Let me first off start of by saying there may be “the right way” to do this, but I have not found it yet. A site such as Digg would have advanced techniques to deal with this.
In my given scenario, a user enters in a URL and results are presented. Ideally, each unique URL only shows up once in the database. That way, no matter how the URL is entered in, the user ends up at the correct landing page unique to that URL without duplicated entries in the database. Duplicate entries make the system less efficient as time is spent on the multiple instances of the URL as opposed to just one location.
For example, I may enter in
google.com and another person
http://www.google.com/ for their input. These two cases refer to the same intention, but they are not the same. With many websites opting to remove the
www. in front through server-side scripting, this can start to get tricky. The front elements typically include
Some websites use a subdomain and do not accept a
www. in front. For example,
http://ps3.ign.com is one such example.
Another example are appended modifiers. With a URL such as
?partner=rss&emc=rss is not necessary for a user to view the site. This can cause duplication in the database.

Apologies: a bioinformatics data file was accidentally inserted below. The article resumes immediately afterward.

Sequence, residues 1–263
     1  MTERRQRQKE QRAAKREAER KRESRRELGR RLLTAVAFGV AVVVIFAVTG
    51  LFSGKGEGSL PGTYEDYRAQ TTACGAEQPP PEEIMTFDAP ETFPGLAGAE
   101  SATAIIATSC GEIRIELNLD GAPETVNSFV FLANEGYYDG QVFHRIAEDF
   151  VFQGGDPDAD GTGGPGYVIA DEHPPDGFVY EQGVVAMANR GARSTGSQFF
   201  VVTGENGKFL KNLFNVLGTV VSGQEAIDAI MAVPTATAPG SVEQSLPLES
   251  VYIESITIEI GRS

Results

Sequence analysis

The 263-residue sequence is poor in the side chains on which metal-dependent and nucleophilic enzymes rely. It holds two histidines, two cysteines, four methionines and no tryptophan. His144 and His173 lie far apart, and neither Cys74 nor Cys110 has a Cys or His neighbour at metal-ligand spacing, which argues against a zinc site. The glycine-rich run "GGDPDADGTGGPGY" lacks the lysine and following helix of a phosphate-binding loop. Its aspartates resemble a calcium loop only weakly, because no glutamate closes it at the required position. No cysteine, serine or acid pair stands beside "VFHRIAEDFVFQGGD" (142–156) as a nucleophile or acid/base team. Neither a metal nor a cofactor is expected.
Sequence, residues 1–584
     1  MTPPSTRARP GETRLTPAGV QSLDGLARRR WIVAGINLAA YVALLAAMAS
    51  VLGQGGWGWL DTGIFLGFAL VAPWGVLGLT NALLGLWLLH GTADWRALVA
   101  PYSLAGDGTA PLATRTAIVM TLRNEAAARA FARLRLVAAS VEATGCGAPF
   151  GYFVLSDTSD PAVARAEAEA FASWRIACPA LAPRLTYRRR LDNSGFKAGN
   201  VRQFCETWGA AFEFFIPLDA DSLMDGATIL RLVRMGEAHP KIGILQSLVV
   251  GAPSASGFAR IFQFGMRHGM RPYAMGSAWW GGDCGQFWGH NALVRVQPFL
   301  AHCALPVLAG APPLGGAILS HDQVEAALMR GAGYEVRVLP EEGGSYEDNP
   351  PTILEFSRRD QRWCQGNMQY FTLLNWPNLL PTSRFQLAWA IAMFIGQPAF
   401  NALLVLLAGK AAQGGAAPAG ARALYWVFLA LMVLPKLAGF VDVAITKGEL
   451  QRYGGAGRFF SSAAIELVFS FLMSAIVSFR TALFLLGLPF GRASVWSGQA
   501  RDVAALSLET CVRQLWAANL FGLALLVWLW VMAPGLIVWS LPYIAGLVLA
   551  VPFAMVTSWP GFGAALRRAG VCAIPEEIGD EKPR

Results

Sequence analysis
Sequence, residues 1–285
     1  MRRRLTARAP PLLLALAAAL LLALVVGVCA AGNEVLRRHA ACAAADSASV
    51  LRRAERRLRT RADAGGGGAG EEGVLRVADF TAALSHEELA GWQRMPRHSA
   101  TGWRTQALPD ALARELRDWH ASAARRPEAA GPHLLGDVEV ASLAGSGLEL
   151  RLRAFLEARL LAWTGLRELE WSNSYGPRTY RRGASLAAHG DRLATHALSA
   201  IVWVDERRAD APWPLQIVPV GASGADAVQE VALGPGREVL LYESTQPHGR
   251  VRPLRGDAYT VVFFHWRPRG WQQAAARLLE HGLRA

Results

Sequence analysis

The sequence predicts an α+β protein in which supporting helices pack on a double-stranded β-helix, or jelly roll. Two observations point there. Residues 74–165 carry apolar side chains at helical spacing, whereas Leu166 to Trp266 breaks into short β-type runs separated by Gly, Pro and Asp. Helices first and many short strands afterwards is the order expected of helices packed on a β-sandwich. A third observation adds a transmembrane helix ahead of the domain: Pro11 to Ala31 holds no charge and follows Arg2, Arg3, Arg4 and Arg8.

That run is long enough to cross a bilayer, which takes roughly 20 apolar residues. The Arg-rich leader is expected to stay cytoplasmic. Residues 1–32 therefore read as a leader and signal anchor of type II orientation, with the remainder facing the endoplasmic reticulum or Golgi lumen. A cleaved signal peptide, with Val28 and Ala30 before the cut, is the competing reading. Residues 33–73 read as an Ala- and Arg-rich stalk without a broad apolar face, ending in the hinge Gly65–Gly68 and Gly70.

Unfortunately, I assumed that duplicate entries are inevitable and a fact of life. As such, my goal would be to prevent and fix duplicates – not to eliminate them entirely.
The way that I addressed this was to do a lookup of variants of user input. Extra energy spent? Yes. Duplicates reduced? Hopefully.
The preventative measure:
So for an input, I would concatenate several strings and check for matches. I had the script put a mix of
http://www. in front,
http:// in front, and
/ in back. These were all ran through matches with the relevant table column. If any of them returned a positive, exact match, I would route the input request to accordingly.
The remedial measure
To deal with a duplicate entry in the table, I created an additional column in the database. By default, the redirect value is null. If the value is set, I would have the routing script redirect there upon any requests to go to the duplicated page.
With any given URL, duplicates are highly likely. Take for instance that with any URL, the URL itself may have several variants that are valid for use (
http://www.google.com). Also, many pages have appended
$_GET values (such as
?partner=rss&emc=rss). Then, the recent mass resurgence in URL shorting services (bit.ly) add another layer of URLs that all redirect to the net same page.
It seems to me that duplicated URLs in a data set where each URL is intended to represent a unique page is inevitable given a large enough collection.